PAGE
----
Tassie set to defy wine glut

grapes vineyard vine purple grapes

THE outlook for Tasmanian winegrape growers this harvest is much brighter than for some interstate wine regions.

This season’s Tasmanian fruit quality is looking very good to exceptional.

inegrape growers in Tasmania continue to attract solid demand for their fruit, which contrasts with some interstate wine regions where they are facing the prospect of leaving fruit to rot rather than chasing their losses as farmgate prices slump by 40 per cent.

Wine Tasmania chief executive officer Sheralee Davies said there is plenty of interest from people looking to purchase Tasmanian wine grapes again in 2022.

“There is more demand than we are likely to be able to supply this year,” Ms Davies said.
“We think the first few grapes for sparkling wine may be harvested as soon as this week, but most vineyards seem to be roughly two weeks behind ‘normal’ timing.
“We expect to continue harvesting through March, April and into May this year, subject to the weather.
“Reports so far are generally positive, with quite a mix in terms of potential yields.
“Quality is very good to exceptional, as is usual, but it looks like yields might be a little down in some vineyards, due to cooler spring weather at flowering. “Following lighter vintages in 2021 and 2020, we’re hoping to see a return to more solid yields across wine growing areas this year, fingers and toes crossed.”

From a value comparison, the 2021 Tasmanian vintage report is a good reference, showing the record value of $3146 per tonne for Tasmanian wine grapes, compared with the national average of $701 per tonne.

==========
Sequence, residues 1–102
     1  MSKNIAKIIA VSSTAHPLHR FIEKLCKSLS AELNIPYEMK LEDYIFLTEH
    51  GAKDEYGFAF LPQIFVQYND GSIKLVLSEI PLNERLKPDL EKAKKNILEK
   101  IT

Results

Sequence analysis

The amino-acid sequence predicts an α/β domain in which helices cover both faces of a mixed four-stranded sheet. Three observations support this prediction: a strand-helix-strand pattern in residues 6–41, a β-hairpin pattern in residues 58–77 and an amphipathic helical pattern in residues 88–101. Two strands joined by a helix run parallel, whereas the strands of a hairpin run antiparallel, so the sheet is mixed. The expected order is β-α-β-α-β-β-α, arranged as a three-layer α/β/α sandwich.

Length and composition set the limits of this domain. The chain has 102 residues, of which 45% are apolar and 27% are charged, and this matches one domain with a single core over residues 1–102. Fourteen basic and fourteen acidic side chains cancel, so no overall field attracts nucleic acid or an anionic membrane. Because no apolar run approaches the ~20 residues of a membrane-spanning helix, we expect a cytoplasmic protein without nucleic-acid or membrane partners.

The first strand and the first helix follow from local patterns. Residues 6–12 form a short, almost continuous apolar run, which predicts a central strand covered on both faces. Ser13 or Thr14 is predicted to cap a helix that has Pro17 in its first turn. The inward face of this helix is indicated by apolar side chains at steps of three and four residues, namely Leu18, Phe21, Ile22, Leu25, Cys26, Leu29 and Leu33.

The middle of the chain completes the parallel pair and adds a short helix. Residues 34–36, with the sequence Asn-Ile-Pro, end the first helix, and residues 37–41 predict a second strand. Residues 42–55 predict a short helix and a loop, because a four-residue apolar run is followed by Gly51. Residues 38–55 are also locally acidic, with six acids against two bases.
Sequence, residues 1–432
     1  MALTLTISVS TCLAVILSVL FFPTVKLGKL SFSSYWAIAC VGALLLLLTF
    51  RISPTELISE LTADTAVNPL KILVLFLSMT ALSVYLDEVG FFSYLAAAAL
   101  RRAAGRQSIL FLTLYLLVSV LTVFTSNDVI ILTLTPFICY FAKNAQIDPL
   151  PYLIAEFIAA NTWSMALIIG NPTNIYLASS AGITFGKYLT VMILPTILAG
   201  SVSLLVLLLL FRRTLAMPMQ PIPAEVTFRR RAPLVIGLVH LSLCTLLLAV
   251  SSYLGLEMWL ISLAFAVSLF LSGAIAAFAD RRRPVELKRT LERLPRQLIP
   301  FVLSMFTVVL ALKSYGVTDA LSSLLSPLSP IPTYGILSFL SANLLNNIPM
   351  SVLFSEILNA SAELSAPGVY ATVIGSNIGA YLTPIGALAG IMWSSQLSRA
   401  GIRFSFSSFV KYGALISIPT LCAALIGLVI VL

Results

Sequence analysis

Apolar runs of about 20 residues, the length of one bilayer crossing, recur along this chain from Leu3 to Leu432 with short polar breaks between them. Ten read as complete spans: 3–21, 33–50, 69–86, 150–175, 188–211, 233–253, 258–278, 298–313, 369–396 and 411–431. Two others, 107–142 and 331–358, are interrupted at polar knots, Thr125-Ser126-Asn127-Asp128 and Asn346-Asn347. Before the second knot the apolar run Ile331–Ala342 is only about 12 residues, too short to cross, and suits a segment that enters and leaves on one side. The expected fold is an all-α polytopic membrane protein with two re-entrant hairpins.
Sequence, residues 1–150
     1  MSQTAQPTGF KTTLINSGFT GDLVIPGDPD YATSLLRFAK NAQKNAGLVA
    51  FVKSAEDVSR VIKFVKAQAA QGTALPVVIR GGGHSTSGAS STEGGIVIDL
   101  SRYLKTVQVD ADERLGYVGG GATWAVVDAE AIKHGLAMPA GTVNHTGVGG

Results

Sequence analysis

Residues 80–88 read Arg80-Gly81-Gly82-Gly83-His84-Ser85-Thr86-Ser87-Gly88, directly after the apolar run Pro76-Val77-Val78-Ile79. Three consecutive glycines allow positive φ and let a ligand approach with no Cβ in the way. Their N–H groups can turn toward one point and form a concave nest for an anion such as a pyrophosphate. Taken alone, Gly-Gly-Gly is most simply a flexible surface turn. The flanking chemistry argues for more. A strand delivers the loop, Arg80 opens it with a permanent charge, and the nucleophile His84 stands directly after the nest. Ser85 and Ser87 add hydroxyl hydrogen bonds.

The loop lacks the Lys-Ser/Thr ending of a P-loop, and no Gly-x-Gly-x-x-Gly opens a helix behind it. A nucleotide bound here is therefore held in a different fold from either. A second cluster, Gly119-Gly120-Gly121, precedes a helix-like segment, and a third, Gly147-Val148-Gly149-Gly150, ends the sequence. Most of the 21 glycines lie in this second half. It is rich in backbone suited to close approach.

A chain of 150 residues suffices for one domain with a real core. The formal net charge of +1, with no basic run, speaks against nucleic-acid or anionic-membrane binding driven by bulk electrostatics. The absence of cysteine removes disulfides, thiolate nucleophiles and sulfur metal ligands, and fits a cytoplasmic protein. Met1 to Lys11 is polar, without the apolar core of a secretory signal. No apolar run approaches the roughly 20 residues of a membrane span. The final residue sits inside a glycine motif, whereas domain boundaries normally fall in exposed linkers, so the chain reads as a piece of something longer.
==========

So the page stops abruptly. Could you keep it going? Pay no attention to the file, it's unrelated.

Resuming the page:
However, for some interstate wine regions it is a different story.

In northeast Victoria, Robinvale grower Phillip Englefield said red winegrape varieties for which growers got $550 a tonne last season were now down to between $300/t and $330/t.

“The real crunch is we’ll have significant quantities of fruit that won’t sell,” Mr Englefield said.

Last year’s record 2.1 million tonne grape harvest is still sitting in wineries tanks as growers try to find a home for another 1.7m tonnes this season.

Bulk wine specialist Jim Moularadellis said the triple whammy of losing the Chinese market, a doubling of shipping costs and Covid restrictions had led to the slump.

“Barring a climatic disaster, significant volumes of red grapes are likely to be left unpicked this vintage. This is the first-time grapes will not be harvested for several years,” Mr Moularadellis said.
“Buyers are shedding uncontracted supply of red grapes. This includes buyers that had little direct exposure to China since the loss of this market has impacted all wineries.
“White prices are OK, but under the same pressure.”

Murray Valley Winegrowers chairman Chris Dent said: “With prices for contracted reds deteriorating (almost half of what they were two years ago), and in some instances uncontracted fruit being hard to sell, our growers in the Murray Valley are facing another difficult year.”